Yucca L.

From the Haitian name for an unrelated species of Manihot (Euphorbiaceae).

Plants stemless to tree-like, rosettes dying or persisting after flowering. Leaves long-lived, fleshy, fibrous, linear-lanceolate, spine-tipped, entire to toothed. Inflorescence a terminal raceme or panicle, not bulbiferous. Flowers bisexual, campanulate to globose, cream to white. Sepals and petals similar, free or fused only at base. Stamens 6, included.ovary superior, 3 chambered. Fruit a dehiscent capsule or spongy and indehiscent. Seeds obovoid to flattened, black.

Grown for the spiky foliage and white egg-shaped flowers.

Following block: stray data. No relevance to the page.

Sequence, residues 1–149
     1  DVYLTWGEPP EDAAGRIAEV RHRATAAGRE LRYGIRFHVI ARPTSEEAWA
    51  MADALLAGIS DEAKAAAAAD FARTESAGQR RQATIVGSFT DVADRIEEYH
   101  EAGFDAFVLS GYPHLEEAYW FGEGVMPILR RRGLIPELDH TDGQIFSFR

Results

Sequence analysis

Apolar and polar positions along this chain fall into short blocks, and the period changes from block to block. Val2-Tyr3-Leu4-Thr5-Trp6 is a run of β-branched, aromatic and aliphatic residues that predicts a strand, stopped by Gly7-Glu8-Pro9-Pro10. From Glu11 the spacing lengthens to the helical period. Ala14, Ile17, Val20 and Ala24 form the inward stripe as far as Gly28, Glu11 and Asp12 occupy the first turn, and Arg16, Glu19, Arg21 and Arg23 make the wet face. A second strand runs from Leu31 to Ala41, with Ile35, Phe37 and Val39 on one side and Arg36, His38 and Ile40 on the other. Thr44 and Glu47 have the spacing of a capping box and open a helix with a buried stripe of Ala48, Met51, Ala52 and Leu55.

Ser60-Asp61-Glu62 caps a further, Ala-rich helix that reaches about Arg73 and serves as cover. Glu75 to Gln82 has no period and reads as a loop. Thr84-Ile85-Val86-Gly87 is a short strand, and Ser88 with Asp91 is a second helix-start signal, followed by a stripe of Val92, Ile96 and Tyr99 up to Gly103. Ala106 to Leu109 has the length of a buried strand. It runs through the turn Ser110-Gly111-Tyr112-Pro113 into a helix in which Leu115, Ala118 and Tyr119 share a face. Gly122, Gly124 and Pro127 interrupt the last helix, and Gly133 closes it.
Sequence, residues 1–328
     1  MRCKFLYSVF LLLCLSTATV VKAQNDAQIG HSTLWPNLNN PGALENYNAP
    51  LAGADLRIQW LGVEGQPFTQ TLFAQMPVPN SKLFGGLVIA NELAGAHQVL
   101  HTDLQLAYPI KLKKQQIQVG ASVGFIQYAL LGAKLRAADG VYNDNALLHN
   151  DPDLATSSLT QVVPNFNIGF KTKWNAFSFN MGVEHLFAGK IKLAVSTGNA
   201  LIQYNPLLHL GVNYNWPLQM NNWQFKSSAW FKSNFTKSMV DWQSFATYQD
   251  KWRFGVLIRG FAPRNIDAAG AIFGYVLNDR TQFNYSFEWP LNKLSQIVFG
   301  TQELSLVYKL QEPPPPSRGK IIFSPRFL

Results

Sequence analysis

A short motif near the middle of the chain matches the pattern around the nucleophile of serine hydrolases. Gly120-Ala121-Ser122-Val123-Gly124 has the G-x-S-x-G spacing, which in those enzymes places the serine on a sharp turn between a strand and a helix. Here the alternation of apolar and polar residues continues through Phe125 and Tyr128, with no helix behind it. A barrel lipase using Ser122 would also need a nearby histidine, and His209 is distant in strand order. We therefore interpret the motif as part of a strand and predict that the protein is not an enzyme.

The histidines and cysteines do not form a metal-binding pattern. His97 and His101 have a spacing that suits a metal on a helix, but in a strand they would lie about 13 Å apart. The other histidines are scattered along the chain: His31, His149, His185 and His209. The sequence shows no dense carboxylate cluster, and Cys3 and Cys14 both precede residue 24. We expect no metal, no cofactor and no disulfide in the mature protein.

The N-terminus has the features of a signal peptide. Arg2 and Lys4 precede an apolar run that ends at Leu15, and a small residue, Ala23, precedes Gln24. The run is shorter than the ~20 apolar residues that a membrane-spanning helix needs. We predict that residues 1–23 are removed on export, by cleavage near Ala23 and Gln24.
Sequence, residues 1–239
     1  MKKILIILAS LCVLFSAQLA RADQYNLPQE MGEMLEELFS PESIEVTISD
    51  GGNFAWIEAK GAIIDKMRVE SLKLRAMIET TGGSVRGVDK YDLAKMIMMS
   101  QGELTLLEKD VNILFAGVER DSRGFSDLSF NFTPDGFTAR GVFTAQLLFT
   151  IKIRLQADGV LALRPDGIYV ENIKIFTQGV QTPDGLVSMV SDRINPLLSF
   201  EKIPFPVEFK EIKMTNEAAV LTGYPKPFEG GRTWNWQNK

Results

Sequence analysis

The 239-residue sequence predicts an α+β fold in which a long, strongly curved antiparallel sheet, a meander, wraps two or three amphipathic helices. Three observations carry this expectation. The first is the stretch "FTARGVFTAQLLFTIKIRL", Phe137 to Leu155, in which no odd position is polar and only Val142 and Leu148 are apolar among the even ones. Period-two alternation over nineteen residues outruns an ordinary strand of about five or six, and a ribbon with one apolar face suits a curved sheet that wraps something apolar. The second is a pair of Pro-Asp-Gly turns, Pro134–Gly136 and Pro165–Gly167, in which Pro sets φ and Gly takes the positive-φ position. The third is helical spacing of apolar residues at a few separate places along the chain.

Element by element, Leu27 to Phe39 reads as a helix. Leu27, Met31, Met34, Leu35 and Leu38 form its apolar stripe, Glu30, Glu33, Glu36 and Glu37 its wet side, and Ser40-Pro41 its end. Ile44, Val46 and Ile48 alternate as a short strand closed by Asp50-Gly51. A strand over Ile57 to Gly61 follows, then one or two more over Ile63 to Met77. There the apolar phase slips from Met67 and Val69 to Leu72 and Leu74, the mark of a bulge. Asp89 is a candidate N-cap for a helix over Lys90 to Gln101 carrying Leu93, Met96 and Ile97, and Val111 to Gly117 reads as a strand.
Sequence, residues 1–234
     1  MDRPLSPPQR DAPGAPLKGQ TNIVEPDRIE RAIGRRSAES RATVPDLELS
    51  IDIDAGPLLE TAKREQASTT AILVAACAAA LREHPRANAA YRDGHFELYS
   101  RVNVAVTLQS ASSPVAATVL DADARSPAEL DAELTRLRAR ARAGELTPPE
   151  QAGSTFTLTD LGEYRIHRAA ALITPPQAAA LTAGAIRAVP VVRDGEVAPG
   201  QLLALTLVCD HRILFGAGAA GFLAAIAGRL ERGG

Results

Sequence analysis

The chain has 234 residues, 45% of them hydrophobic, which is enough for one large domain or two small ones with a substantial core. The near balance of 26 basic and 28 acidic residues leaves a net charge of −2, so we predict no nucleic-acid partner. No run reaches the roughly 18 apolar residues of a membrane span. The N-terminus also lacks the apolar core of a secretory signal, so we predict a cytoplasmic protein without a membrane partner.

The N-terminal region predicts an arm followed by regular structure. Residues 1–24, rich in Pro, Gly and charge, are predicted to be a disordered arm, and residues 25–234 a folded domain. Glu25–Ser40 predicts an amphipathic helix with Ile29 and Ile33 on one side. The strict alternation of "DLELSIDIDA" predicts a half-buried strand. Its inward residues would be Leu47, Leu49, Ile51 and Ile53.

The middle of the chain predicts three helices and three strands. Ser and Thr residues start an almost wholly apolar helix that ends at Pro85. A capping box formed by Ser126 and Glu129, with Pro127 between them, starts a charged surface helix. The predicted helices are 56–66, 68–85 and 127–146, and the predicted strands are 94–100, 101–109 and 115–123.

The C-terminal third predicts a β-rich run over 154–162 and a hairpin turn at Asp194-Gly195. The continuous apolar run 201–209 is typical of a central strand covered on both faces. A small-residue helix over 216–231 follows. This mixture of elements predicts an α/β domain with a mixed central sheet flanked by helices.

Seeds or suckers.

About 35 species in the Americas, primarily in Mexico. 3 or 4 species are commonly cultivated with many more in specialist succulent plant collections.

Flowers with included stamens and superior ovary.

Trelease (1902), Matuda & Lujan (1980), Forster (1986, 1987), Clary & Simpson (1995).

Source: Forster, P. (2005). Agavaceae. In: Spencer, R.. Horticultural Flora of South-eastern Australia. Volume 5. Flowering plants. Monocotyledons. The identification of garden and cultivated plants. University of New South Wales Press.

kingdom Plantae
phylum   Tracheophyta
class    Magnoliopsida
superorder     Lilianae
order      Asparagales
family       Asparagaceae